Players Pick and Choose Their Battles Wisely Before Speaking

Jarrod CooperCorrespondent IDecember 3, 2010

OAKLAND, CA - NOVEMBER 28:  Jacoby Ford #12 of the Oakland Raiders is congratulated by fan after he scored a touchdown against the Miami Dolphins at Oakland-Alameda County Coliseum on November 28, 2010 in Oakland, California.  (Photo by Ezra Shaw/Getty Images)
Ezra Shaw/Getty Images

With all the football experience a NFL player has, it's no surprise players have their own opinion on how a team should operate.  

The problem is players face a lot of scrutiny from their own team when expressing their opinion. With that being said, most players choose not to get involved with any unnecessary issues.

Just pick up your check on Tuesday and keep your opinions to yourselves, that's how they  like it. When fans voice their opinions, organizations never listen, mainly because many organizations feel fans run on high emotion when lashing out, which isn't very different than players. 

Let's not forget the fact that most NFL organizations think they have all the answers, so any opinion from someone that doesn't work in an NFL office falls on deaf ears. 

One of the most hypocritical parts of the NFL are the people who forget where they come from.

What do I mean? The ball boy who becomes head equipment manger, the intern who becomes head of player personel. 

I have personally seen people work their way through the ranks and once they hit the top, they turn into someone who is impossible to talk to and seem to have all the answers.

The NFL is built on individuals who have sacrificed a large chunk of their life just to say they're part of the NFL, player and staff alike.

The downside to all that passion is people who get so crazed with the very idea of the NFL; the true game of football gets lost in translation. 

It becomes about money and power and next thing you know, every word that comes out of their month is narcissistic. 

I have been blessed to play in the NFL for eight great years, and have been playing football for 25 years, since I was eight. Most of the people who surround the NFL actually take away from the game itself.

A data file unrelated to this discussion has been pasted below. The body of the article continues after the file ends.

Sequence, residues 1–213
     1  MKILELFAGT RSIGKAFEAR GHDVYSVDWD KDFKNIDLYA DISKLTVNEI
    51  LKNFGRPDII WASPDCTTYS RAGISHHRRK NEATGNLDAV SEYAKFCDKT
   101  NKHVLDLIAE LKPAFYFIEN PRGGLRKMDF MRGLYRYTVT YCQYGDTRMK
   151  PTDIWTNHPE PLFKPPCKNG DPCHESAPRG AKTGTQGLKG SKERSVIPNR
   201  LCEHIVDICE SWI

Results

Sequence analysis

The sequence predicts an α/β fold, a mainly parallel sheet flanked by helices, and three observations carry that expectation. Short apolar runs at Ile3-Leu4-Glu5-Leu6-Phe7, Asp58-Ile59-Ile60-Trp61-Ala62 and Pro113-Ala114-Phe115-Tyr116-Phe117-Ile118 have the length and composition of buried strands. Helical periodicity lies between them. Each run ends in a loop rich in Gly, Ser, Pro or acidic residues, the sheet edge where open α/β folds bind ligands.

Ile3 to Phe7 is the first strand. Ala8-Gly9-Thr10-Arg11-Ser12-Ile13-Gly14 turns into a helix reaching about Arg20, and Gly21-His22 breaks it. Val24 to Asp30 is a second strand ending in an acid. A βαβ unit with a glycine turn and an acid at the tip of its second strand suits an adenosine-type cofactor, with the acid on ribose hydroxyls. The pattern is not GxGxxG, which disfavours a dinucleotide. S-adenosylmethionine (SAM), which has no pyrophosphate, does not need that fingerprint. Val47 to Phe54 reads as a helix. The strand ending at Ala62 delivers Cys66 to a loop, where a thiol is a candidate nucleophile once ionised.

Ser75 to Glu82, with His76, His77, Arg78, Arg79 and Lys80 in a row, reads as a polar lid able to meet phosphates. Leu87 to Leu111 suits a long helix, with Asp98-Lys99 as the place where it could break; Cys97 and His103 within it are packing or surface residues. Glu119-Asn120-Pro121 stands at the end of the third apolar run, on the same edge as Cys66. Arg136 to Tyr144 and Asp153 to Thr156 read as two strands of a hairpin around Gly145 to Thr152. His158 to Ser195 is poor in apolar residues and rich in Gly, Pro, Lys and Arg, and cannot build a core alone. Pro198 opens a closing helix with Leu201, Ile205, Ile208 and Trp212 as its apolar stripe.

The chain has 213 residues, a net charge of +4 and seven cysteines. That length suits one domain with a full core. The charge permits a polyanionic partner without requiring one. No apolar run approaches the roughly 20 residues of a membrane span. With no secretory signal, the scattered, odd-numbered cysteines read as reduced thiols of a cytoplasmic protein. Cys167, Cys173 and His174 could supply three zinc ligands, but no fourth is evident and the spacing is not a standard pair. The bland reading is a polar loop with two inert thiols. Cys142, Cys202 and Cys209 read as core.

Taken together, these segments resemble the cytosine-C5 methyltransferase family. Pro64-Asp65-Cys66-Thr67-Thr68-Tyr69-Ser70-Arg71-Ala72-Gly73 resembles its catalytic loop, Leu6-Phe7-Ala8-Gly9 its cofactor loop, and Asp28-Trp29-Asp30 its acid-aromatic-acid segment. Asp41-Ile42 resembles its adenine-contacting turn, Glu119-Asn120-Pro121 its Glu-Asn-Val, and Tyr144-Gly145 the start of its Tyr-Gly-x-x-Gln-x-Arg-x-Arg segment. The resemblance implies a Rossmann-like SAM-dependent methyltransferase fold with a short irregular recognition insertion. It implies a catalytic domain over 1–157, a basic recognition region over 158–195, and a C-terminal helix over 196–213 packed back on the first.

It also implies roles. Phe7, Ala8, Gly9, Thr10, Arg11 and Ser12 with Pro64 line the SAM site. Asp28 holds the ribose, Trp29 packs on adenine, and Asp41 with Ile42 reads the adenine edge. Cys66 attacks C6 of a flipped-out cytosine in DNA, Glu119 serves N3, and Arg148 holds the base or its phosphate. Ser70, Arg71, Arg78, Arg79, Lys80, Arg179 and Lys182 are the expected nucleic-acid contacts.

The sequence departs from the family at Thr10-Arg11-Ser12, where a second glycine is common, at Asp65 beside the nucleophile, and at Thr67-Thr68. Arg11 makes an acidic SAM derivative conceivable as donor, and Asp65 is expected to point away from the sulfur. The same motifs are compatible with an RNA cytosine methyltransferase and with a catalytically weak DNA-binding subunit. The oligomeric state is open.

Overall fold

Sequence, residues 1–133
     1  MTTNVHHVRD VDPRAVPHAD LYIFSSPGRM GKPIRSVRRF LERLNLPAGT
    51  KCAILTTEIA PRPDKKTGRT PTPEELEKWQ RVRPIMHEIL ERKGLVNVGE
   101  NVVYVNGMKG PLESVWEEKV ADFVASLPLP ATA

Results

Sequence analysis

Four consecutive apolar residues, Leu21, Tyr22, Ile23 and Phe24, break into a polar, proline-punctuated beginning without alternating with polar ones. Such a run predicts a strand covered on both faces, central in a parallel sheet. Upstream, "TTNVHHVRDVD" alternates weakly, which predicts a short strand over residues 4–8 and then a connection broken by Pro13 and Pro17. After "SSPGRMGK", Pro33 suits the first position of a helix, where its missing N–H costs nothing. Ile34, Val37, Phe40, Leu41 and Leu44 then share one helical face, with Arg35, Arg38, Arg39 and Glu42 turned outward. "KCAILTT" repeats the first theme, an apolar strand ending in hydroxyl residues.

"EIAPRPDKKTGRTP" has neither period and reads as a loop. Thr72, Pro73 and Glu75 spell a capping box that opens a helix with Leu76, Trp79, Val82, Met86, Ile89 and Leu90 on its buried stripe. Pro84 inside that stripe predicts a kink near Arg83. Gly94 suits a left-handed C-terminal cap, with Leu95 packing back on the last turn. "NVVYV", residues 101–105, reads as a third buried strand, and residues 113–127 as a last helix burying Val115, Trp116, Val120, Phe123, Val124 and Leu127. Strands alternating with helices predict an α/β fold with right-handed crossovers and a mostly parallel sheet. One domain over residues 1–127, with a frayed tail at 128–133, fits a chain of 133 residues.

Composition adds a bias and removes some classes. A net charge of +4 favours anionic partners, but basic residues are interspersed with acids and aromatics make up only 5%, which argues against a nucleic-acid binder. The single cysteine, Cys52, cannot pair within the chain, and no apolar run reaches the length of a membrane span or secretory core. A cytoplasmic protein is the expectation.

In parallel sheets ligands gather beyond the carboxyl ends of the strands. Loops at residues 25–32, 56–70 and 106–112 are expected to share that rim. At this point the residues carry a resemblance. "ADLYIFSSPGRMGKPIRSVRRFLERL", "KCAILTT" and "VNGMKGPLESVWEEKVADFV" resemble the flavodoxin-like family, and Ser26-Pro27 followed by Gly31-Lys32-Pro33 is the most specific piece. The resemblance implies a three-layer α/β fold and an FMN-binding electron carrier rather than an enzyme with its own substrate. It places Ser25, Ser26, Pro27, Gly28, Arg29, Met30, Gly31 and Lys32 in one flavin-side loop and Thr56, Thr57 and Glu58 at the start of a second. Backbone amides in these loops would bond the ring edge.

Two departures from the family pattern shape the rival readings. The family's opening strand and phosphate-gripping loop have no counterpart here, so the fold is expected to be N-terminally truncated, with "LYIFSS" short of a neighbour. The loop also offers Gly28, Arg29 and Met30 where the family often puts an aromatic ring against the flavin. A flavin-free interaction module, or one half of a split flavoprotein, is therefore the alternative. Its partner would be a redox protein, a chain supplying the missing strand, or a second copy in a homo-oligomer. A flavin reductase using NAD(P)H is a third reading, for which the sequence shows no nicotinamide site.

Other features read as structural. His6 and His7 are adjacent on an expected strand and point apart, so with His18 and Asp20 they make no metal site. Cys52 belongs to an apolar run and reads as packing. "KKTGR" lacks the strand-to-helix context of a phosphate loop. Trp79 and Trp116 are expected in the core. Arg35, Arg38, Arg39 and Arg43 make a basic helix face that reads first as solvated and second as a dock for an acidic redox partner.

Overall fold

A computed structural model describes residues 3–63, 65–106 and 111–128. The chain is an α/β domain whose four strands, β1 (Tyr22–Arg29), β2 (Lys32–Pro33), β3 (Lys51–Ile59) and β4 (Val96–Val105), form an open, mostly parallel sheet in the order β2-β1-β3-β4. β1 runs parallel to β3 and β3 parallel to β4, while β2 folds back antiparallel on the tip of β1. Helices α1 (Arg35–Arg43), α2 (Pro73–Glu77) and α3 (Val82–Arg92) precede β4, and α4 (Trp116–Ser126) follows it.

People who have never played the game or have never been in a true NFL locker room are many of the people who are making decisions on the field. I'm not a doctor but this would be like me playing one, coming into a surgery room and making a decision on a patient just because I have watched an episode of General Hospital.

This is the underline problem with the Raiders organization: Everyone has the answers but nobody wants to listen, and the people who say they are listening pick and choose what they want to hear. 

You're maybe asking yourself, how can I be so sure of all this?

I have lived this life for the last 25 years. Football, the NFL, is what I am, so when I talk about issues, I'm not coming from an inexperienced background like many analysts you see on TV reading cue cards or doling out their clueless opinions.  

I harbor no ill will towards the NFL—it was the best time of my life; I am just trying to give people some insight as to what the NFL actually is.

I am in a great position to relay information from the players to the fans without the players worrying about the NFL coming down on them. I do have to give the players thanks for allowing me to be the middle man, every player I speak to will always remain anonymous until they retire.

Then, hopefully, they will join me on my quest to bring the fans truth.


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